‘Blwyddyn’, ‘Blynedd’ and ‘Blwydd’

15. September 2014 19:24 by Chris in   //  Tags:   //   Comments (0)

I went to a revision class last Saturday before the start of my new Welsh course. One of the topics we went over was 'years' and it quickly became apparent that I didn't know much about the topic. Hence this blog post by way of additional revision! The below is based on 'Welsh Grammar' by Christine Jones as well as the examples from my last session at Cardiff University's Welsh for Adults Centre. 

‘Blwyddyn’, ‘Blynedd’ and ‘Blwydd’ are all used to refer to years in Welsh. 

Blwyddyn is a feminine singular noun, the plural of which is blynyddoedd.

Blwyddyn is used on its own with the cardinal one and with all ordinals:

Buodd hi’n gweithio yn yr adran am flwyddyn.
She worked in the department for a year.

Mae hi yn y flwyddyn gyntaf.
She is in the first year.

Dw i wedi byw yn yr ardal am flynyddoedd.
I’ve lived in the area for years.

With the exception of one blynedd is used with cardinal numbers (traditional):

un flwyddyn
dwy flynedd
tair blynedd
pedair blynedd
pum mlynedd
chwe blynedd
saith mlynedd
wyth mlynedd
naw mlynedd
deg (deng) mlynedd
un mlynedd ar ddeg
deuddeg (deuddeng) mlynedd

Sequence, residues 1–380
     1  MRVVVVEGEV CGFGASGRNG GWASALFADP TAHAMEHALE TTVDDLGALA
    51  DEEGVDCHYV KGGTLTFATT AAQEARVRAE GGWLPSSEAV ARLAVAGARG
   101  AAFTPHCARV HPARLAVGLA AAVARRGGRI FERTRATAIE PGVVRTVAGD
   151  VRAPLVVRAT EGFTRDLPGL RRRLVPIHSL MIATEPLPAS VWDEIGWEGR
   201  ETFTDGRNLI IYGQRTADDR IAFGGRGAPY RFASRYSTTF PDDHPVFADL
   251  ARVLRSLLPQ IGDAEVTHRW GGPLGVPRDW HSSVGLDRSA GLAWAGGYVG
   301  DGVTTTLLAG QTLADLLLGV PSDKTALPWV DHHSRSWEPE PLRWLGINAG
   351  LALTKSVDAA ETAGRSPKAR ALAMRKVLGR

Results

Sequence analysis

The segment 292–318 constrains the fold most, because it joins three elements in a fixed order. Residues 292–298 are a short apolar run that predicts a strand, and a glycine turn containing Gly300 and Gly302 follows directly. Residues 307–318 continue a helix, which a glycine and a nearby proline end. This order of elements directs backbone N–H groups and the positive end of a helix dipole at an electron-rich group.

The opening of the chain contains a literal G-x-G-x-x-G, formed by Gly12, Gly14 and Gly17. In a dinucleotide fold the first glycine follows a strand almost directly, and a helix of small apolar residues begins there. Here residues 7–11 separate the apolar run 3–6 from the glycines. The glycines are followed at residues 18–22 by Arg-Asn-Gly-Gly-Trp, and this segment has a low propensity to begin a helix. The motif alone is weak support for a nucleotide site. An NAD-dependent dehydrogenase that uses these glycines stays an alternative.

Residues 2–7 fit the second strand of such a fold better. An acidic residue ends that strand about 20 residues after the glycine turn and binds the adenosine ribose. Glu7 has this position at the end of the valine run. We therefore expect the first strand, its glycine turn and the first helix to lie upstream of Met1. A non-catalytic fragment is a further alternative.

tair blynedd ar ddeg
pedair blynedd ar ddeg
pymtheg (pymtheng) mlynedd
un mlynedd ar bymtheg
dwy flynedd ar bymtheg
deunaw mlynedd
pedair blynedd ar bymtheg
ugain mlynedd

With the more modern number system blynedd will still mutate after 10 according to the number it follows or you can use the plural which simplifies matters:

un deg dwy flynedd or un deg dwy o flynyddoedd
un deg pump mlynedd or un deg pump o flynyddoedd
un deg chwe blynedd or un deg chwe o flynyddoedd

‘Blwydd’ is used when referring to age and age is always feminine regardless of the subject of the sentence. Also blwydd can be omitted but oed will remain.

Mae e’n ddwy (flwydd) oed.

On its own blwydd means a year old.

Mae’r babi’n flwydd oed.

Further Examples

  • Cwrddais i â fe dair blynedd yn ôl.
  • Mae merch dwy flwydd oed gyda hi.
  • Mae eu mab nhw’n flwydd oed yfory.
  • Roedden ni’n arfer mynd yno bob blwyddyn.
  • Y llynedd oedd y bedwaredd flwyddyn i mi fynd yna.
  • Rydyn ni’n briod ers pymtheg mlynedd.
  • Hon ydy’r ail flwyddyn iddo gystadlu.
  • Maen nhw’n byw yna ers deugain mlynedd.
  • Flwyddyn yn ôl ro’ch chi yn yr ysbyty.
  • Roedd y llynedd yn flwyddyn brysur iawn.
  • Blwyddyn newydd dda!
  • Dw i’n gobeithio ymddeol ymhen pum mlynedd.

 

Think you see a mistake above? It's distinctly possible so let me know!  

 

Enquiry Cymraeg

9. September 2014 18:47 by Chris in Welsh  //  Tags:   //   Comments (0)

I received an email enquiry and I thought I'd share my responses on the blog: 

"... I learn languages quickly but it is much easier for me to learn a language if I have a more formal grammatical introduction to the language.

1. Is there a book, either obtainable on-line or in the UK (where I've family and friends) which you could recommend for learning Welsh that way, especially with regular lessons, vocabulary and readings as the grammar is covered?
2. Is there a good and thorough dictionary you would recommend giving Welsh-English equivalents and vice-versa?